Monday, February 14, 2011

A Valentine's Day Salaam To Our Silenced Muslim Comrades.

We are now 22 years older, not much wiser: "Critics of Rushdie no more spoke for the Muslim community than Rushdie himself did. Both represented different strands of opinion within Muslim communities.

"These days the radical, secular clamour, which found an echo in The Satanic Verses, has been reduced to a whisper. In the 1980s, however, it beat out a loud and distinctive rhythm within the Babel of British Islam. Rushdie’s critics spoke for some of the most conservative strands.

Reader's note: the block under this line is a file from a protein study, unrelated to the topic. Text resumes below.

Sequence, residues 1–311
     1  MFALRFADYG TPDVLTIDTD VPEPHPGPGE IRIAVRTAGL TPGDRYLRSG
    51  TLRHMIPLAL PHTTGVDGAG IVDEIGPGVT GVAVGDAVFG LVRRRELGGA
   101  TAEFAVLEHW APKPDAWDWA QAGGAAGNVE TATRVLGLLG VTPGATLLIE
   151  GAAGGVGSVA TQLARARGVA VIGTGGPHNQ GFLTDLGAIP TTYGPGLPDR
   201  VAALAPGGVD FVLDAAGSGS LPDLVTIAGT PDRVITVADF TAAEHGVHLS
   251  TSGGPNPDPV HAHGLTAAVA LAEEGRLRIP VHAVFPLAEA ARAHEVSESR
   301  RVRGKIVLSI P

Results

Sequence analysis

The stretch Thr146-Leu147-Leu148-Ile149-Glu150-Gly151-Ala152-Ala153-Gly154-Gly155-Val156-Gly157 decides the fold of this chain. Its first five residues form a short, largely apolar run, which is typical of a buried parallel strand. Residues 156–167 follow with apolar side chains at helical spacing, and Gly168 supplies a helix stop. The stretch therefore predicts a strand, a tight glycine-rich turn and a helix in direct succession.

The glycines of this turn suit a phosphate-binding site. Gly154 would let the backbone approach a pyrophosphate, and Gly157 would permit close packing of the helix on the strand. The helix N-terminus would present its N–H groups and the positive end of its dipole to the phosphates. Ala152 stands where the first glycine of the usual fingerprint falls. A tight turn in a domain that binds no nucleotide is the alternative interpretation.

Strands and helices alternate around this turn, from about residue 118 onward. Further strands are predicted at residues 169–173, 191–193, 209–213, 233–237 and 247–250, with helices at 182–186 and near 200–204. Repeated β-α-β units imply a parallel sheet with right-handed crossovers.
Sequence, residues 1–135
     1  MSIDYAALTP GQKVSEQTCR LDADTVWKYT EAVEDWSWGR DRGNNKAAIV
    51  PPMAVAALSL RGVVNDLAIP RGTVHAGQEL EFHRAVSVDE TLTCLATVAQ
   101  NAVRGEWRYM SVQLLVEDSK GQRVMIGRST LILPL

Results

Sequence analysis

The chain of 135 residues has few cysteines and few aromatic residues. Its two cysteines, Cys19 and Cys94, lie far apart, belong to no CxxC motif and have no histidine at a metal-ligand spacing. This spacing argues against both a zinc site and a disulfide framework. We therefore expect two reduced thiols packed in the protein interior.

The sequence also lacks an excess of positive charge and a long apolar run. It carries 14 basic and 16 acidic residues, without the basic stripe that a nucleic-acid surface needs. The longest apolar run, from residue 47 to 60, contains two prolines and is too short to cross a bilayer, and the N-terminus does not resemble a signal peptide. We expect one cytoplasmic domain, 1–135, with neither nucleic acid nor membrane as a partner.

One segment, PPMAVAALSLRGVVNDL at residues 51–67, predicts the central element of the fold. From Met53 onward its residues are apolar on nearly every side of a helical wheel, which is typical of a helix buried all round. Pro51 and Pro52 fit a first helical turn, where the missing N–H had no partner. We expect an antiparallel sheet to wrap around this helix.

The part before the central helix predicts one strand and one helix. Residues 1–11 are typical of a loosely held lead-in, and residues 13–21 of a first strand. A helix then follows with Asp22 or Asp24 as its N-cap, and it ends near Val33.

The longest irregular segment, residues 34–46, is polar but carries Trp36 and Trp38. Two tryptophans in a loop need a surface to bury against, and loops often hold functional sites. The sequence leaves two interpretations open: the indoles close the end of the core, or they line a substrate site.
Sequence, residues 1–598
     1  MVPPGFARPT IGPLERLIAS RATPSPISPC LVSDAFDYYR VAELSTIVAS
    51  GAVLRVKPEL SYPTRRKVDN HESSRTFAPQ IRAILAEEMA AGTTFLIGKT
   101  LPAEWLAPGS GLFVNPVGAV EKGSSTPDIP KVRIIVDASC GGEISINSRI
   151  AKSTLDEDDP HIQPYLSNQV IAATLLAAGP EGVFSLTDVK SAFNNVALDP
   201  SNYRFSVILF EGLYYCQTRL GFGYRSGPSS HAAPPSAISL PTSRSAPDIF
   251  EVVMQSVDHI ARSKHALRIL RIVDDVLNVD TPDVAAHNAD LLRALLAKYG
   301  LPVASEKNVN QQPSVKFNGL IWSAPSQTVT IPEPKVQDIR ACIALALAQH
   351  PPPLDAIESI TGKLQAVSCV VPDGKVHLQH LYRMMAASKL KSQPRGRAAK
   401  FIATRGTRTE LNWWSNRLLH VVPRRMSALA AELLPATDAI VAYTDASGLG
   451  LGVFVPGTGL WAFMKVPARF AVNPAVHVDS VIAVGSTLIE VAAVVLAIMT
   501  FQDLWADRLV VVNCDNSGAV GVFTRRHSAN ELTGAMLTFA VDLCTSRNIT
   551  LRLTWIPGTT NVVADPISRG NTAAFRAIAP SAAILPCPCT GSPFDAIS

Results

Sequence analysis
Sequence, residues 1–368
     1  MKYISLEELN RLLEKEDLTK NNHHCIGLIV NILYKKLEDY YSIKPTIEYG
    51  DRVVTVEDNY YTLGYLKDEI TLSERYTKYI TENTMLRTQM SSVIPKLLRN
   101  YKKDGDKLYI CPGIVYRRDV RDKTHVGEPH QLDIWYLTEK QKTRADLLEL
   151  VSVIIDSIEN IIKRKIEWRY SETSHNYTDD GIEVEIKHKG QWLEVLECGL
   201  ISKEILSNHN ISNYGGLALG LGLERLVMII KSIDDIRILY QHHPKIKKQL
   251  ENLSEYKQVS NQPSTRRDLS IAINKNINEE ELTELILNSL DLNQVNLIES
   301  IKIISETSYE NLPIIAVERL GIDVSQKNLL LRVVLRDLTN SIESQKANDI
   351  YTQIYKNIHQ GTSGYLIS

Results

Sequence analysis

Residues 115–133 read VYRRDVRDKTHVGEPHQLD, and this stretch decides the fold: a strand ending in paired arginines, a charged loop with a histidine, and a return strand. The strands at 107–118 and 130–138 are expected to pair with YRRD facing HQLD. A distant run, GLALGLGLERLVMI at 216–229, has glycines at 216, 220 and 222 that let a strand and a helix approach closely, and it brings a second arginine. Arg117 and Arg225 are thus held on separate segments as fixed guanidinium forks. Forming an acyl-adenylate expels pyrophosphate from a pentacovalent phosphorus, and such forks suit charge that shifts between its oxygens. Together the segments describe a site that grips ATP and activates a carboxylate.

"The campaign against The Satanic Verses was not to protect the Muslim communities from unconscionable attack from anti-Muslim bigots, but to protect their own privileged position within those communities from political attack from radical critics, to assert their right to be the true voice of Islam by denying legitimacy to such critics. They succeeded at least in part, because secular liberals embraced them as the authentic voice of the Muslim community. . ."


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